Nintendo’s negative financials; the reality is, it’s not that bad

5 mins read

As most of us know by now, Nintendo posted a very negative financial quarter. The hysteria that has come with it from many corners is deeply misguided, however.

The long and short of it is this – the value of Nintendo’s stock dropped in value by around 20 per cent, the company posted huge loses ($323 million), and has spurred the company’s management to accept pay cuts. Economic firms, such as JPMorgan and Nomura Holdings have lowered their ratings on Nintendo’s stock as well.

It’s true that the company faces some challenges ahead. Nintendo is facing increasing competition by both Facebook and Apple for the ‘casual’ gaming audience, who have flocked to those platforms, in the process making Zynga one of the biggest publishers in the world, and making Apple’s gaming section the de facto place for indie developers to release games. The likes of EA, through its acquisition strategy (iOS and social gaming companies, largely), are clearly putting more weight in the mobile gaming space than in Nintendo. This competition is undoubtedly affecting Nintendo hardware sales – the 3DS only shifted 700,000 units in the past three months worldwide.

The Nintendo Wii U console failed to ignite as much interest as Nintendo would have liked when it was unveiled at E3, either. Indeed, Nintendo’s plan to draw back the ‘core’ gaming audience proved to be a difficult one for investors to resolve – heading back into a head-on-head competition with Sony and Microsoft dropped Nintendo’s share value back in June.

But here’s the thing that a lot of the games press managed to miss, but it’s absolutely critical in explaining what is happening to Nintendo right now: Nintendo is a corporation working in the global economy. Consider this article from Bloomberg for an instant: Asian stocks across the board took a hit as investors showed concern of the US debt deadlock. The too-strong yen has also had a deep impact on the profitability of Japanese vendors.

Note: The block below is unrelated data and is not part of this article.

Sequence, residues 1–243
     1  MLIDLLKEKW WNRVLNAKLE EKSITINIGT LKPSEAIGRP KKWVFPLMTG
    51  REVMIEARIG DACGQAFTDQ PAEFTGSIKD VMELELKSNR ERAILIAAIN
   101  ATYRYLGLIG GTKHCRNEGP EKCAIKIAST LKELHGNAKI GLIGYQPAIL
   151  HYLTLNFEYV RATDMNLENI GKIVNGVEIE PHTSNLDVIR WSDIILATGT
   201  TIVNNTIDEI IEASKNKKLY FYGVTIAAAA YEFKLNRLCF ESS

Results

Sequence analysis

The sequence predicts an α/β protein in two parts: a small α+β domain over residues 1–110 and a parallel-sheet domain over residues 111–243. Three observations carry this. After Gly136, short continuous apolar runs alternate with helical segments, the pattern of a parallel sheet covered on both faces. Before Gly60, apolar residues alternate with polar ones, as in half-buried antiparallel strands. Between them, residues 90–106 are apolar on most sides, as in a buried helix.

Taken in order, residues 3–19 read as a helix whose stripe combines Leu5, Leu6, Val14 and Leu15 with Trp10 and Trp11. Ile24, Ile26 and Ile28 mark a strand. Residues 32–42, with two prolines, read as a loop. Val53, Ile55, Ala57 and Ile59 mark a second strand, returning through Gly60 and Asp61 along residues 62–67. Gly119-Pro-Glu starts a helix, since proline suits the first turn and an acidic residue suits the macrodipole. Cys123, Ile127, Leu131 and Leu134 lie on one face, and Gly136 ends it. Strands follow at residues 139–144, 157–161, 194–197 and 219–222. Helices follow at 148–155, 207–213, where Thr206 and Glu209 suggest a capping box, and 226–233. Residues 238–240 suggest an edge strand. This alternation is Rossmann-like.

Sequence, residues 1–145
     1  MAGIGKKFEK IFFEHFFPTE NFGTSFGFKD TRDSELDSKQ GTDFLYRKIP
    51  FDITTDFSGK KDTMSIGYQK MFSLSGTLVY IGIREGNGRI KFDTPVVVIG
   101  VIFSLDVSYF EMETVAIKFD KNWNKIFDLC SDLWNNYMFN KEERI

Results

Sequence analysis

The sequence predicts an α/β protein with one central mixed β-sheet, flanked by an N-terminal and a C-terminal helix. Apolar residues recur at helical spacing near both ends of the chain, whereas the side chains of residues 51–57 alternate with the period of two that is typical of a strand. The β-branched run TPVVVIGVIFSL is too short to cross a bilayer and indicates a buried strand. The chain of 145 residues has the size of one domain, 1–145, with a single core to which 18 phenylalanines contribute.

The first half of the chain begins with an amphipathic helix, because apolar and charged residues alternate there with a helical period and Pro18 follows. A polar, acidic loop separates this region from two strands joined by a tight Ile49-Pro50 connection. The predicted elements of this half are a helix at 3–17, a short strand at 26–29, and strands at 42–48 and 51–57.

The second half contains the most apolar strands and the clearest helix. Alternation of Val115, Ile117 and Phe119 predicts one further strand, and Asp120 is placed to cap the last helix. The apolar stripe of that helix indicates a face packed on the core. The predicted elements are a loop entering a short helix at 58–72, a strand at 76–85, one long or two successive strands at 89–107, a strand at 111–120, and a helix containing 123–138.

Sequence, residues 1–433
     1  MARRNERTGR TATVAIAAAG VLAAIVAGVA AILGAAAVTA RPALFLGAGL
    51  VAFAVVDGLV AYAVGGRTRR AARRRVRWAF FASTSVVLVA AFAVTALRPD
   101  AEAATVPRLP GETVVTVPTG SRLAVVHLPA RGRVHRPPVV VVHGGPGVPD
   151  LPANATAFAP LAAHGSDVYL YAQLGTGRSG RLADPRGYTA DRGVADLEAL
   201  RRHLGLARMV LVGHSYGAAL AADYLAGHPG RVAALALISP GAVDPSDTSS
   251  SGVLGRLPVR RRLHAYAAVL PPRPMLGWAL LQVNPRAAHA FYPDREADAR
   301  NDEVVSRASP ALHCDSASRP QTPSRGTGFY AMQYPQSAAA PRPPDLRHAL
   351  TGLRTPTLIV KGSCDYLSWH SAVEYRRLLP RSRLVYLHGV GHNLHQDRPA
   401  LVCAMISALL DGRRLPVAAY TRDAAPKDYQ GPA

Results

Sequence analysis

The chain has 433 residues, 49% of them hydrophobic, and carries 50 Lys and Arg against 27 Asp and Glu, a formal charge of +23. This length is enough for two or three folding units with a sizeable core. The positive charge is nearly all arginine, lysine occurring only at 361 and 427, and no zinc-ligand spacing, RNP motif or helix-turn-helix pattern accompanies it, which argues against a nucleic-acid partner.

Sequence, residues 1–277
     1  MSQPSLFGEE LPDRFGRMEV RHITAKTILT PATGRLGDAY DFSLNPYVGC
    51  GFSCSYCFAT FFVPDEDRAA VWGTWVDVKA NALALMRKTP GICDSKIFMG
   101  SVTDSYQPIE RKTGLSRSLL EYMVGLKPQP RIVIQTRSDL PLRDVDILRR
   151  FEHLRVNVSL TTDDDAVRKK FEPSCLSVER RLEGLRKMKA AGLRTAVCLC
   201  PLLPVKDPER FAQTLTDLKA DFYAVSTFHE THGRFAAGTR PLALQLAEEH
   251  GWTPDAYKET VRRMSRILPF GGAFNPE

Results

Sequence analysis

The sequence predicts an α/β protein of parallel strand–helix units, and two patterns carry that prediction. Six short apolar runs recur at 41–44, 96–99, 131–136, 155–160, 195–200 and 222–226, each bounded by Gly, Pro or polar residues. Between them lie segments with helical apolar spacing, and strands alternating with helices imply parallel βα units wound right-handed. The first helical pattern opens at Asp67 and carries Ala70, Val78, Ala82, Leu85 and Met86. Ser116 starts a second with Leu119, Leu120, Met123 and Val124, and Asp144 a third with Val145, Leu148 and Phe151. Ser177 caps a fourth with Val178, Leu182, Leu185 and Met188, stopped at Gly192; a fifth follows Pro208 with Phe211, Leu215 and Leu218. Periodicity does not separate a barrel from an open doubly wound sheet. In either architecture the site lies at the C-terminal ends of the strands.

None of that has nothing to do with 3DS sales or whether a Mario game is coming out before Christmas. A company’s share price is not related solely to the products it sells, and by floating, you put a company at the mercy of the broader macroeconomic climate. That climate is stormy for just about everyone right now, so everyone (not just Nintendo) is reaching for the raincoats right now.

Furthermore, Japanese companies across the board are in a period of recovery from the devastating earthquake that hit earlier this year – an earthquake that damaged supply lines, slowed the country’s productivity, and greatly disrupted the luxuries industries (of which gaming is one). Camera maker, Canon, recently posted financial losses of its own, and blamed the deflated Japanese games market for the setback. Nintendo would be in a similar position – Japan is the second largest games market in the world, and unlike Microsoft, Nintendo relies on it heavily for profitability. A deflation in that market is going to have a substantial impact on Nintendo’s own profitability.

I’ll finish on this note: Corporations post losses. It’s a fact of life that a company cannot sustain growth indefinantely. Nintendo has lost some ground with the casual gamer, but I don’t see that as a problem, necessarily – the casual gamer is a fickle audience, as the flight to Zynga and Apple has shown. I see the stock and profit drop in Nintendo as more of a normalising process; i.e bringing the company back to the position it is actually in, rather than the hyperinflated value the company hit when the Wii and DS took off way beyond expectations.

So no, I don’t agree with the doom and gloom hysteria over this news at all. I still believe Nintendo is a company that would enjoy better fortunes going forward by being acquired, but claiming the company is ‘falling’ is just silly stuff.

This is the bio under which all legacy articles are published (as in the 12,000-odd, before we moved to the new Website and platform). This is not a member of the DDNet Team. Please see the article's text for byline attribution.

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